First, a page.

When my son Teddy was a little younger than a year old, he had a pattern. He would start to fade out sometime between 5:30 and 6:30 p.m. every evening. I’ve heard parents call this “the witching hour.”
When Teddy would get into that zone, one of two things would happen: either he would erupt into adorable (and often unprovoked) baby giggles, or he would start having back-to-back meltdowns in rapid succession.
An interesting phenomenon would occur at this point: Teddy would forget his coping skills.
Yes, even though he was still a baby, Teddy definitely had coping skills. What I mean is – he had activities he could engage in that were reliably comforting and calming for him. Like standing by the front door looking outside at the cat napping on the porch. Like looking at a book of baby first words. Like playing in one of ‘his’ kitchen cabinets.
However, when Teddy is exhausted and burnt out on the crazy baby life and not thinking straight, he forgets about all the things that help him feel better.
That’s where Mommy comes in to save the day. I’d pull out his favorite baby book and turn it to the page with all the cars on it. I’d shake his little tambourine so he could pretend to dance. I’d scoop him up, carry him to the window, and point out the cat. Then I’d set him down beside the window, and he’d stare at the cat, smiling occasionally. Tantrum over. He didn’t even need me to sit by the window with him.
He just needed me to remind him of the things he can do to feel better when he’s struggling.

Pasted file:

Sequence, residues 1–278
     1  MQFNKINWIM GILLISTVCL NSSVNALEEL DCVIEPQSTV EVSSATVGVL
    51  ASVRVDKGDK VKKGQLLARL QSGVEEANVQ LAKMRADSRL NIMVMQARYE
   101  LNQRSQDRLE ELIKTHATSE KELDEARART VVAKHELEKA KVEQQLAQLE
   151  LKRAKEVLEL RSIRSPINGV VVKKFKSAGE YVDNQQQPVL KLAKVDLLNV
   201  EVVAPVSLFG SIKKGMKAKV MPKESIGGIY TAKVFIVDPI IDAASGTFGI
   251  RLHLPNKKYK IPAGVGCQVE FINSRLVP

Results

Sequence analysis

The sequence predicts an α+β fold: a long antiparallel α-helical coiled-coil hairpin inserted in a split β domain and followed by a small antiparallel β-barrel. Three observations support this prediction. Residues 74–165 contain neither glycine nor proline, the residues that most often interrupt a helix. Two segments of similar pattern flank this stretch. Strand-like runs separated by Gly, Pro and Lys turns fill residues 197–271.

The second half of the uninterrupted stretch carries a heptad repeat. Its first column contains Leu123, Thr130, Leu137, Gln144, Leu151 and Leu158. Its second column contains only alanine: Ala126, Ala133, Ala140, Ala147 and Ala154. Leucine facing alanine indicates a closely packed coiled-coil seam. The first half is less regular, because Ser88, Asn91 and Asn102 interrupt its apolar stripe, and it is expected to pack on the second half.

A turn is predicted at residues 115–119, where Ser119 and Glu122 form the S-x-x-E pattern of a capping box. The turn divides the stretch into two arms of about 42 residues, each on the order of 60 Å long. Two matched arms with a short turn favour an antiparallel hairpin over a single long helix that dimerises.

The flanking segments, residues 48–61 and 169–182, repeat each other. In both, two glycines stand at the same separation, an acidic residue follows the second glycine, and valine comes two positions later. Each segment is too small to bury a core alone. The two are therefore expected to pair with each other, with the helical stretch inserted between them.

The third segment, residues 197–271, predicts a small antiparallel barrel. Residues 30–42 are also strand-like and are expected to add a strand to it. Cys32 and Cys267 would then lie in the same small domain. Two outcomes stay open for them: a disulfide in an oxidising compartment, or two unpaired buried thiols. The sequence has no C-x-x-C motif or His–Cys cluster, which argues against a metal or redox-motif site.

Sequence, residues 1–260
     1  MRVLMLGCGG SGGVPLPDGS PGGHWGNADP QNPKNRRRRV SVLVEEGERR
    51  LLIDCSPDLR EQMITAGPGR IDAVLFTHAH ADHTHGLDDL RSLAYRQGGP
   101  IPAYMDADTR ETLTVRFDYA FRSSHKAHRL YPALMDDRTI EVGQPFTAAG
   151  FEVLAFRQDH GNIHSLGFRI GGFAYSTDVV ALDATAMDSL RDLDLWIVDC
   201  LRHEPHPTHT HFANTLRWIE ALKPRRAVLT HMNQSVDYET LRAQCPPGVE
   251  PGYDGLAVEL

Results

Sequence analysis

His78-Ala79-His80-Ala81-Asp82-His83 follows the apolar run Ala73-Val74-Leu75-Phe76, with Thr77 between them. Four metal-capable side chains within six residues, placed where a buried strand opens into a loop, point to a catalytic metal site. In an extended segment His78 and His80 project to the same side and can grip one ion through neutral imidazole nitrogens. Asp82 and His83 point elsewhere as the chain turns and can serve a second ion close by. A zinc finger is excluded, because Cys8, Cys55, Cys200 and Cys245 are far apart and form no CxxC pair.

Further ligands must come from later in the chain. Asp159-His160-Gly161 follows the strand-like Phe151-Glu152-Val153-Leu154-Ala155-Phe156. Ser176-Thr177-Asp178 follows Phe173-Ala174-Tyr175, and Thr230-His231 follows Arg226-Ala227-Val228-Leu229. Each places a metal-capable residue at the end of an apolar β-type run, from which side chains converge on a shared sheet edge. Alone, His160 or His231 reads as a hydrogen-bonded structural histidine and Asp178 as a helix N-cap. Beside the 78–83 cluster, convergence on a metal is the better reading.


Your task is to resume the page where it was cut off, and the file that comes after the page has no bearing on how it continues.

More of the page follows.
Oh, boy. Don’t we all need reminders sometimes?
I constantly forget to do the things that help me to feel happy, healthy, and whole as a human being. I start to feel sluggish and it takes me days to realize it’s because I haven’t been running or eating healthy food. My monkey mind starts twisting and turning like crazy, and I forget that going to meetings or meditating or journalling helps me to get out of my head and back in the present moment.
Sometimes Tee or a good friend can remind me; I’m always grateful for that. Often, though, I wish I could remind myself. Sometimes, when I slow down and allow myself a little bit of Kerriann time, I’ll feel myself calming down and getting back to neutral. I daydream about writing messages to myself on giant post-its all around the house. YOU NEED TO RUN. YOU NEED TO READ. YOU NEED TO WRITE. YOU NEED TO MEDITATE.
I’ll consider it.
For now, I’m grateful to have just finished a day that included reading, writing, a long run, and pancakes. Excellent self-care.